RUC Chief Superintendent Bertie McCaffrey stated that it was the OIRA that had “started off” paramilitary involvement in racketeering and that they were “still very, very active in that sphere”. McCaffrey added that he believed some of this revenue was going “towards the political end of things”.
Brian Feeney, an SDLP politician, charged that “the Official IRA is engaged in the same activities as the Bolsheviks were before 1917, when Stalin was in charge of raising money for them . . . it was considered perfectly legitimate, before 1917, to stage robberies; [they] were called revolutionary expropriations”.
As no Southern WP figure was prepared to take part, Seamus Lynch appeared at short notice on a link from Belfast to respond to the allegations. A visibly nervous and annoyed Lynch alleged that the programme was the result of internal RTE politics. He stated that Pat Cox, the programme’s presenter, was on the verge of joining the newly formed Progressive Democrats, producer Mick McCarthy was a “republican sympathiser” and researcher Cronin had been seen in the company of “known” Provos in Belfast. Lynch denied any knowledge of the Official IRA and said anyone with evidence of illegality should contact the police.
When Cox was appointed general secretary of the Progressive Democrats shortly afterwards, Eamon Gilmore asked: “If RTE allows the general secretary of the Progressive Democrats to make a programme about the Workers’ Party, will they now accord the same opportunity to Sean Garland to make a programme on the Progressive Democrats?”
The Today Tonight programme had been conceived in early 1985 by a group of RTE staff who argued that a Workers’ party “freemasonry” had stilted programming and silenced opponents “through an orchestrated campaign of gossip and innuendo”. The programme was initially to focus solely on Official IRA racketeering; but in the interest of balance, a concern of Mulholland’s, it was decided that other paramilitary groups’ activities would also be examined.
The project provoked interest outside RTE, with government representatives assuring the journalists of their full backing and the Department of Justice offering them armed protection during their research. McAleese, by now a former Today Tonight journalist, organised a meeting between Cronin and Charles Haughey, the Fianna Fail leader, who expressed pleasure and surprise that the programme was emerging from a “nest of Sticky vipers”.
In the north, assistance came from an eclectic range of sources, including the SDLP, sections of the RUC and the Provos. While the WP’s enemies were adamant that the Officials’ activities should be exposed, particularly relishing the fact that this was to be done on a programme strongly associated with the party, leading WP members made polite inquiries with Mulholland as to why he was allowing such a programme.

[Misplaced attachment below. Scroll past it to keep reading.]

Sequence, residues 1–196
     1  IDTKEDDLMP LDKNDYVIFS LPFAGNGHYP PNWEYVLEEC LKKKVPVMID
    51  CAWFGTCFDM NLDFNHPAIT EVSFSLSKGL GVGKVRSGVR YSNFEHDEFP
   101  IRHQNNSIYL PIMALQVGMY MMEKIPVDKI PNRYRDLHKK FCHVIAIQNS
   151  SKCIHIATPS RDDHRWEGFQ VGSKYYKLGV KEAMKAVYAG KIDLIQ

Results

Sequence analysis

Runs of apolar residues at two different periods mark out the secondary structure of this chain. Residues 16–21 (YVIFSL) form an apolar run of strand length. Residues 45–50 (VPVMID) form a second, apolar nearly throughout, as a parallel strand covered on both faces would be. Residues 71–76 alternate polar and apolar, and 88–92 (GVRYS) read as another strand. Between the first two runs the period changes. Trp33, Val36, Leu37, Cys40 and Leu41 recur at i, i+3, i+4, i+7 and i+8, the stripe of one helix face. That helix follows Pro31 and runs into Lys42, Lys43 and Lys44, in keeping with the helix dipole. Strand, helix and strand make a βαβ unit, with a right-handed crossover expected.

Less politely, Cronin’s files in RTE were rifled through and his bank statements stolen; threatening calls were made to his home and to his mother, and RTE received bomb threats. As a precaution, very little of the programme’s research material was kept at RTE. The researchers were also followed, Cronin recalls: “At one stage Pat Cox and myself were in Buswells [hotel] and they had a guy walking up and down outside and [he] was identified to me as a member of the Official IRA. Another time a guy with a big bushy beard came up to us and feigned to pull out a gun.”
The team was also harassed while in Belfast: phone calls were made late at night to the reporters’ hotel rooms and files were stolen from producer Mick McCarthy’s room. On one occasion the research team hastily travelled back across the border after the RUC informed them they had intelligence that their lives were in immediate danger. The pressure had an effect, Cronin recalls: “We did think they would shoot us.”
The day before the programme went out, Cronin found himself face to face in the RTE canteen with a number of men whom he knew to be members of the Official IRA. The group had obviously been invited to lunch by sympathisers among the station’s staff. The same day Cronin’s wife’s workplace received a bomb threat.
The RUC was helpful to the programme makers, although one high-ranking officer informed them that a superior had instructed him that his interview — in which he accepted that much criminal activity previously attributed to the INLA had in fact been carried out by the Officials — could not be broadcast. The claim of an “unspoken RUC policy not to embarrass the Officials” by not naming people as members in court, was broadcast, but other claims, including one that armed OIRA men were sometimes allowed through RUC roadblocks, were not.
Cronin developed the view that the OIRA was “a protected species” in Belfast and that “their criminality was often overlooked by the NIO [Northern Ireland Office] and RUC”.”